Sudan: UN Commission statement on Darfur
Sudan: UN Commission statement on Darfur
– bland words in response to a deepening human rights crisis On the very last day of its 60th session, the UN Commission on Human Rights adopted a weakly worded Chairperson's Statement on the human rights situation in Darfur. The Chairperson's Statement calls on all parties to the conflict to respect the ceasefire, grant access to humanitarian organizations and sets up an Independent Expert to report back on human rights situation to the General Assembly and next year's session of the Commission.
"This is a very meagre response to a situation that is at the point of spiralling into a full-fledged human rights catastrophe", Amnesty International said.
Ten years after the genocide in Rwanda, the Commission on Human Rights has shown itself to be incapable of taking strong and decisive action on this human rights crisis.
"This once again calls into question the Commission's ability and willingness to rise above the political wrangling and to promote and protect human rights", Amnesty International said.
At the start of the Commission, the Acting High Commissioner for Human Rights sent a fact-finding mission to Sudan, which visited Chad but has yet to get access to Darfur. Their interim report, which was leaked during the Commission, concluded that the Janjawid militias "have operated with total impunity and in close coordination with the government of Sudan" and "the pattern of attacks on civilians includes killing, rape, pillage, including of livestock, and destruction of property, including water sources".
The OHCHR mission recommended that the Government of Sudan: - condemn actions of the militias and disband them; - give full and unimpeded access to humanitarian workers; - promote a policy of national reconciliation, end impunity and promote the rule of law; - enable refugees and displaced persons to return home without fear for their lives with compensation and reparations; - ensure that such abuses do not happen again; - set up an independent international commission of inquiry to identify crimes committed by all sides; - ensure continuous monitoring of the Darfur situation; - invite the UN special mechanisms to visit the region;
"The international community and the UN must act now to prevent another man-made tragedy in the region", says Amnesty International.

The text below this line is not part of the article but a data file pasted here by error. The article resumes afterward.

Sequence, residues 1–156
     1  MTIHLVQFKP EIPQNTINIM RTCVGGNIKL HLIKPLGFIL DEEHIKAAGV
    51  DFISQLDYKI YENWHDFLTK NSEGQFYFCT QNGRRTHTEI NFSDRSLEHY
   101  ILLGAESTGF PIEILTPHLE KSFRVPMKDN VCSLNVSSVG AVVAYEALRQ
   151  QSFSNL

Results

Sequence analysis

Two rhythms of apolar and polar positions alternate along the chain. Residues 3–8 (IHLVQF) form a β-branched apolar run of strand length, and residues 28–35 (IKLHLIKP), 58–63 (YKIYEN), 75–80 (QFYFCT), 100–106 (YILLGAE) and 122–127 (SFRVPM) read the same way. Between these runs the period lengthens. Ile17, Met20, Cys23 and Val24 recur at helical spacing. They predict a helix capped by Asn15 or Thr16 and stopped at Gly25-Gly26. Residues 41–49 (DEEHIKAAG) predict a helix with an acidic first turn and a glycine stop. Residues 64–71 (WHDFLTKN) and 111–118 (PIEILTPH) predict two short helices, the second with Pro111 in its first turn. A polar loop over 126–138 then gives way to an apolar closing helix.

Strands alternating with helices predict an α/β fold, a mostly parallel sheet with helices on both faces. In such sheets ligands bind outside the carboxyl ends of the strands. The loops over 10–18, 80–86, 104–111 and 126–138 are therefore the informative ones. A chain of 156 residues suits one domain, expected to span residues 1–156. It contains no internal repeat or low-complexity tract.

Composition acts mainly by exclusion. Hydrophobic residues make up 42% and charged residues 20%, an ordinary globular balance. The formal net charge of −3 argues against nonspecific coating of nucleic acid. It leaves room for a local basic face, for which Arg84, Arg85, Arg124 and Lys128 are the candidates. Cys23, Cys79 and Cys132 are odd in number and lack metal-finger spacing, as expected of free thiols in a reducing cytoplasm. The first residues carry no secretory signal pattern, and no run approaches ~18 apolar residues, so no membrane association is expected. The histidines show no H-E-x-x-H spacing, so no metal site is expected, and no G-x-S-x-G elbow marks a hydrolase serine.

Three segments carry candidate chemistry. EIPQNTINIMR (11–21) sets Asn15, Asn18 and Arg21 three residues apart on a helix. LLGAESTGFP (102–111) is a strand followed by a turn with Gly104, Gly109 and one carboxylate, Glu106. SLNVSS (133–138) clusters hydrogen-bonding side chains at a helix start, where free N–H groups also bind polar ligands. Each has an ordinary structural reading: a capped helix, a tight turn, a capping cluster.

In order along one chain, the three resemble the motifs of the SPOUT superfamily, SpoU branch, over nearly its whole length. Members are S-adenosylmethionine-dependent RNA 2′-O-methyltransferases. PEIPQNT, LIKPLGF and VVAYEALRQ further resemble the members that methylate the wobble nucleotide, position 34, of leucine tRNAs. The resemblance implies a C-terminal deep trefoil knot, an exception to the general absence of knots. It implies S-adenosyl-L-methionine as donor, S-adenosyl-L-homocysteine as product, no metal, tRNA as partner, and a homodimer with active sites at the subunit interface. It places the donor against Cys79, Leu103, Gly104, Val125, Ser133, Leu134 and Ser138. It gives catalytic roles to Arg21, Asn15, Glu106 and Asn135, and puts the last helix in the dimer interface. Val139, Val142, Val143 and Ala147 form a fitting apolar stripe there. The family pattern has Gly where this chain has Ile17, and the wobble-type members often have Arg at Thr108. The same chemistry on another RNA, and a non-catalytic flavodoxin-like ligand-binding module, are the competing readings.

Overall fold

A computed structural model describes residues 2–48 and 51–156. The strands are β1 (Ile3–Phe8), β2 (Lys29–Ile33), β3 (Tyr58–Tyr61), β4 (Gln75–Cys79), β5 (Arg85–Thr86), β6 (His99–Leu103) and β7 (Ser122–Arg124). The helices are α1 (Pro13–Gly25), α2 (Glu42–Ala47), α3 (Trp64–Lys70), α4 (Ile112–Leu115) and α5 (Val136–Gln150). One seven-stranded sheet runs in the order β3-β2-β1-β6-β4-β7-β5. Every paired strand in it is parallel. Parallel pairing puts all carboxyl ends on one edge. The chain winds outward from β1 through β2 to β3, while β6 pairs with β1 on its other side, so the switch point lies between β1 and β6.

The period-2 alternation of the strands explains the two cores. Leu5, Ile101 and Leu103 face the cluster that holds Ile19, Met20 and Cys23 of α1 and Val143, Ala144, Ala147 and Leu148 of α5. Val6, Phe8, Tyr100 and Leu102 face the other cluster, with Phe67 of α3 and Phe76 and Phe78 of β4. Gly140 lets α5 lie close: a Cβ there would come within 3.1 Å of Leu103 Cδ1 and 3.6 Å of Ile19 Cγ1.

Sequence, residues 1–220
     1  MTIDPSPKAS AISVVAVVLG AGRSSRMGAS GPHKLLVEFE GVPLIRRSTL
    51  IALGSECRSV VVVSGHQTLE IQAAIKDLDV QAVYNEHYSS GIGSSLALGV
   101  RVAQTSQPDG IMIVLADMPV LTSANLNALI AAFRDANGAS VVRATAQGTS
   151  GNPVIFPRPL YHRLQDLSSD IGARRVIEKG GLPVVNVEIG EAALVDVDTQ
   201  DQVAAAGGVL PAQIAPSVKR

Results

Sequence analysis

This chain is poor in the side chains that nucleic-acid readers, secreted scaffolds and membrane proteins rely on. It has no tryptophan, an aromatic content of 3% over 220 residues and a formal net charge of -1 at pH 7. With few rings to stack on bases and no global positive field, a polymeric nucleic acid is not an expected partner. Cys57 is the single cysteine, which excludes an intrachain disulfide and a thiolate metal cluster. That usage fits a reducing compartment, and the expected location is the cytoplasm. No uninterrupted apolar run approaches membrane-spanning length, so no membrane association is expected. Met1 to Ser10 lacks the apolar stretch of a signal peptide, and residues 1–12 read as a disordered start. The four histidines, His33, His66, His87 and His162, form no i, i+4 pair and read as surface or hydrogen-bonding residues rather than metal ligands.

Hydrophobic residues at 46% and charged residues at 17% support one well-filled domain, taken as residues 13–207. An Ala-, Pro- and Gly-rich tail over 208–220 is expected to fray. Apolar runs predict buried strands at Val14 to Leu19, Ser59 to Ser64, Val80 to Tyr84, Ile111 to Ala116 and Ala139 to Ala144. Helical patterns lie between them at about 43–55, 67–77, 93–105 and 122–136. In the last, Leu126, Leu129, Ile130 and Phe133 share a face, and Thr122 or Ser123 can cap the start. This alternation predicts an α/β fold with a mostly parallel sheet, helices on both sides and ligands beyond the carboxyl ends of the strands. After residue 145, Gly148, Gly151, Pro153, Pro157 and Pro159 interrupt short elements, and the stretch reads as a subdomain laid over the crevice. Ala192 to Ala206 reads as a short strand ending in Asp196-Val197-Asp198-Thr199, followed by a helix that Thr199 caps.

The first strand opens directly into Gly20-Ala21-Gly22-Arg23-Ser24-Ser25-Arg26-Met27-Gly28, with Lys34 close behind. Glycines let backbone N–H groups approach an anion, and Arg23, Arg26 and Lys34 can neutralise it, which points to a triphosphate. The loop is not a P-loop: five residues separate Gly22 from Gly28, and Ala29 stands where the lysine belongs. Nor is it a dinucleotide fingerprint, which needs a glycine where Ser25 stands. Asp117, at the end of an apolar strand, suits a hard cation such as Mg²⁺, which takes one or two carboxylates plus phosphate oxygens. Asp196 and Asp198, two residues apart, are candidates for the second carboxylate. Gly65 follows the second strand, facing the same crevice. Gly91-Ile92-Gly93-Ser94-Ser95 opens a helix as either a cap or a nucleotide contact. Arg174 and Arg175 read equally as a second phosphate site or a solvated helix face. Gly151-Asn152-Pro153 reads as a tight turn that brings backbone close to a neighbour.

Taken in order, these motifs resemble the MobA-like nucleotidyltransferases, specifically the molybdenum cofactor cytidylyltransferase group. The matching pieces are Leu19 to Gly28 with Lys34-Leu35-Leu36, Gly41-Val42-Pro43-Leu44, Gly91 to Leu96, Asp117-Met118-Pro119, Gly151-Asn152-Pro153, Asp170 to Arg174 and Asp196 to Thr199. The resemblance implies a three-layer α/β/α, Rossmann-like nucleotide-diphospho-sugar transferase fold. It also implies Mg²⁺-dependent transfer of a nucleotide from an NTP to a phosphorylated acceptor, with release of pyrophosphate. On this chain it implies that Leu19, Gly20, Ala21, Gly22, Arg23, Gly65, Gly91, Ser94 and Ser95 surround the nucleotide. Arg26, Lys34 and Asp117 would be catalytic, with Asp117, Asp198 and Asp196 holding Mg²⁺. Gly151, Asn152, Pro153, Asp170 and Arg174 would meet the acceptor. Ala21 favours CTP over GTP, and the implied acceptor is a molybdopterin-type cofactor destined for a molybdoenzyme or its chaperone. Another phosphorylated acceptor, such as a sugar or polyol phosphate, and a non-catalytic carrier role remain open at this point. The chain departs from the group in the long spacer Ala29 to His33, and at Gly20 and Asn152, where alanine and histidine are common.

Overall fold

A deterioration in human rights in Darfur started after February 2003 when a new armed group calling itself the Sudan Liberation Army attacked Sudan Government forces saying that they were taking action against the marginalization of Darfur and the failure of the Sudan government to protect farming groups from nomad raiders. Another armed group, the Justice and Equality Movement, was also formed. After initially talking about reconciliation, at the end of March 2003 the Sudan government decided to solve the problem by repression. It allowed free rein to government-supported militias, drawn mostly from the Arab groups and known as the Janjawid, to attack villages in Darfur.
Since April 2003 the Janjawid, who now usually dress in Sudanese military uniform and are accompanied by the Sudanese army or Popular Defence Forces, have burnt villages, killed the sedentary population, carried out rapes, including gang rapes on schoolchildren, and pillaged property and livestock. At the same time the Sudanese air force has carried out bombing attacks on civilian centres. Now, nearly every village in the region has been devastated. Thousands have been killed. Close to a million residents of rural areas in Darfur have fled to towns in the region. Many of them are not receiving humanitarian aid and with the rainy season approaching, when roads become difficult or impassable, their situation is dire. More than 100,000 people have taken refuge over the borders into Chad.
On 8 April 2004 heavy international pressure obtained the signing of a ceasefire in Ndjamena, Chad. The ceasefire has already been broken and no monitoring force for the ceasefire has been set up.
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